The fresh crop of newly elected senators and delegates began two days of orientation at the State House Wednesday.
The poster above by the Department of Legislative Services is the first compilation of the 2019 Maryland General Assembly with names, districts and photos.
[At the bottom of this story, the poster has been split into four parts to make printable pages, and the new senator and delegates have been marked with red stars. This is a workable substitute for the off roster booklet which won’t be out till January. First names are available on the State Board of Elections results.]
The turnover is greater in the state Senate, where 18 of the 47 senators are newly elected. But 10 of the new senators had already served in the House of Delegates for one, two or three terms, as has a majority of the upper chamber.
Sen. Nancy King, D-Montgomery, a former delegate who will chair the Budget and Taxation Committee, said the Senate was “more sophisticated … more civilized.” Senate Minority Leader J.B. Jennings, another former delegate, emphasized how “different” the smaller Senate was, more collegial, more talkative with looser rules. Republican senators are allowed to be floor leaders on minor bills, for instance.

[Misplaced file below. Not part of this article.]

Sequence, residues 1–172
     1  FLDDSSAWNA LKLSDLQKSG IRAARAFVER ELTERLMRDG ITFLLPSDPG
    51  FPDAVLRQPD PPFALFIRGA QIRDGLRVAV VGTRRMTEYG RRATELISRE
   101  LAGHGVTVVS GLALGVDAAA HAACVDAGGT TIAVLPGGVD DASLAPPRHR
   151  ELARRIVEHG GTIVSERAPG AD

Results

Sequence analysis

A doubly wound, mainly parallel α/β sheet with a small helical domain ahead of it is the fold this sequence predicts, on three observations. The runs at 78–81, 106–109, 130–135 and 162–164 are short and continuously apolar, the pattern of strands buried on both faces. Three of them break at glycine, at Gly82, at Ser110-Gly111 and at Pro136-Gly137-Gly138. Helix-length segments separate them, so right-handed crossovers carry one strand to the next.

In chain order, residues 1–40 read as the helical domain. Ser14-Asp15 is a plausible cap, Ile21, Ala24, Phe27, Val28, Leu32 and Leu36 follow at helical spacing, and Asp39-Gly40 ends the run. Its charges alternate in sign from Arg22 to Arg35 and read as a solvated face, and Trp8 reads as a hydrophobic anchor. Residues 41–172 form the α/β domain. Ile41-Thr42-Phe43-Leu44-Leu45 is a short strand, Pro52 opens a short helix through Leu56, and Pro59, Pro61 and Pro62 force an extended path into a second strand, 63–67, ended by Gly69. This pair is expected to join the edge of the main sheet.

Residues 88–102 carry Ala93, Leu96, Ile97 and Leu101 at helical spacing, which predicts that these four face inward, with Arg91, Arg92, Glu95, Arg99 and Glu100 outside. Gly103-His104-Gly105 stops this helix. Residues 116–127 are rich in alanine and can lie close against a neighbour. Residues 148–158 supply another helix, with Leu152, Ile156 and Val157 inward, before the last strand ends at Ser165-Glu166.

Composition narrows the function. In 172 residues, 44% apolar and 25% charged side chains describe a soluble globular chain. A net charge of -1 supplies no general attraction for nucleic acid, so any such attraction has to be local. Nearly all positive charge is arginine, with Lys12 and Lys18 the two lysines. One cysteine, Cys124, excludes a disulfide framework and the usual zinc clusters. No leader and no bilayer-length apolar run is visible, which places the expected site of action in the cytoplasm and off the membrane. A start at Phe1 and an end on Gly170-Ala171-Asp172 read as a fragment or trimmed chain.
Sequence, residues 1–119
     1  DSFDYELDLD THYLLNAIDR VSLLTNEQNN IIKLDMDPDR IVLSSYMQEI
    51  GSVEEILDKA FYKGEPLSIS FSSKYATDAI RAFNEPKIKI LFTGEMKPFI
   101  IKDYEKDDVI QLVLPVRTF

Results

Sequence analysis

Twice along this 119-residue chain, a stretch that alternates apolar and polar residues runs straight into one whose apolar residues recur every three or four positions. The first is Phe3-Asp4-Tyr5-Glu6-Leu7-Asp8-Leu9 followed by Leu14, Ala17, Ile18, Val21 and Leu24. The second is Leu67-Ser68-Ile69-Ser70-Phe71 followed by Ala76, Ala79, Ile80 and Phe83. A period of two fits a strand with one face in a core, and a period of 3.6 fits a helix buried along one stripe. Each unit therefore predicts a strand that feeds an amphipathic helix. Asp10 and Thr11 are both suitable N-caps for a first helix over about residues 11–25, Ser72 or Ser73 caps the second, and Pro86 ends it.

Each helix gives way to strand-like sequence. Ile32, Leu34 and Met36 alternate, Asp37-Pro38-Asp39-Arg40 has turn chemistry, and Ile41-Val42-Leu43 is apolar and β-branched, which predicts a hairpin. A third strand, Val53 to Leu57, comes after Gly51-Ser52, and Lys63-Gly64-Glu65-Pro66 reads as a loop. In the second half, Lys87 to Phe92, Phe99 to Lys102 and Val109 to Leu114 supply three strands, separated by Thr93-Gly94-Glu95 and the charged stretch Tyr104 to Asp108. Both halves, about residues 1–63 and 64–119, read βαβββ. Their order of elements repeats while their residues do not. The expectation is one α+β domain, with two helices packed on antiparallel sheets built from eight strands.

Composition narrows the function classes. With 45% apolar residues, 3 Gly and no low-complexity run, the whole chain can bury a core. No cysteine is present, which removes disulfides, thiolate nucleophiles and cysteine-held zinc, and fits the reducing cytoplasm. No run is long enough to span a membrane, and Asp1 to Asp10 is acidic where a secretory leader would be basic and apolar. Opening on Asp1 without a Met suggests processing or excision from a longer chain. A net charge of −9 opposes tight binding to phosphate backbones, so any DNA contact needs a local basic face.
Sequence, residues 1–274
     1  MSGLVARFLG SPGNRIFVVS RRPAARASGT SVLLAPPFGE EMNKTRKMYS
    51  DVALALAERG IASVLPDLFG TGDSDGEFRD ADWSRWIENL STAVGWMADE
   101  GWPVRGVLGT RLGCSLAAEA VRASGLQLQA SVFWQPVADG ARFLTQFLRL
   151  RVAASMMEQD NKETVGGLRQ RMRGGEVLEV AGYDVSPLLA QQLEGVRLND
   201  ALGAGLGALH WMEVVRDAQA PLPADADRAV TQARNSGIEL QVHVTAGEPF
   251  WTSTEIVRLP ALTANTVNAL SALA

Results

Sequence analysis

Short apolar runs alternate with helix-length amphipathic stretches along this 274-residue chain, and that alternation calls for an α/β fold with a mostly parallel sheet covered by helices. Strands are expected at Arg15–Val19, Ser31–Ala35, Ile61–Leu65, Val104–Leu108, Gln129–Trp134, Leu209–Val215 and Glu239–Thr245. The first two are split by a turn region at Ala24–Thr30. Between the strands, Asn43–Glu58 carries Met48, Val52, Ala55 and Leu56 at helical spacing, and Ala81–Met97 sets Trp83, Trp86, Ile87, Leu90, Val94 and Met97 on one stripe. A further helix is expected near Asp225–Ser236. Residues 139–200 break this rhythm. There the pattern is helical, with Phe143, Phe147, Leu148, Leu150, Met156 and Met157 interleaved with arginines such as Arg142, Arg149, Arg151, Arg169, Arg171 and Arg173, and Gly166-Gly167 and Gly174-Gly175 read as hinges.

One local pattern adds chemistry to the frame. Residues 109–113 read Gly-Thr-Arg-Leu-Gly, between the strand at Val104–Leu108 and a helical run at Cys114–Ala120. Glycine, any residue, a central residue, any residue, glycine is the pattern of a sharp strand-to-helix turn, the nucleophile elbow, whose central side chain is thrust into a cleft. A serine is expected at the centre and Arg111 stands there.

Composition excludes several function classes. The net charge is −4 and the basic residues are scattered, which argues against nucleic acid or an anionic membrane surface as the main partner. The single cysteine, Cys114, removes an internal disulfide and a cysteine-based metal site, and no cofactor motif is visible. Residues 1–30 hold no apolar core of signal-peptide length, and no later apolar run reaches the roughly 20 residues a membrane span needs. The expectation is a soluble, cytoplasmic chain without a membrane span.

While there lots of fresh faces, particularly in the House of Delegates, where 42 of its 141 members are new (among them two former delegates), the presiding officers have been have been around a long, long time.
Official votes must still taken Jan. 9 when the legislature convenes, but Senate President Mike Miller will be beginning his 33rd year as head of the Senate, the longest serving legislative presiding officer in the country and in Maryland history. He is also the longest serving member of the Maryland legislature, elected to the House of Delegates in 1979. He turned 76 on Monday.
House Speaker Michael Busch will be beginning his fifth term as speaker, initially elected to the House in 1986. He turns 72 on Jan. 4, and in the past two years has had a liver transplant and heart bypass surgery.
“Compromise is not a dirty word,” Miller told the new legislators. But, standing next to Busch, he said the Senate was a backstop to “bills that come flying out of the House.”
While Miller and Busch may have differences on policy, they are united in their respect for the institutions they serve and the historic significance of the building in which that happens, the oldest statehousein the country in continuous legislative use. The oldest part of the Maryland State House was built in the 1770s and had briefly hosted the U.S. Congress, along with George Washington and Thomas Jefferson, among others of the Founding Fathers.
Curiously, Busch brought up the dress code for men. Sports coats and suit coats, said Busch. And ties in the Senate, added Miller. The Maryland legislature may be becoming more progressive politically, but its dress code is still 20th century.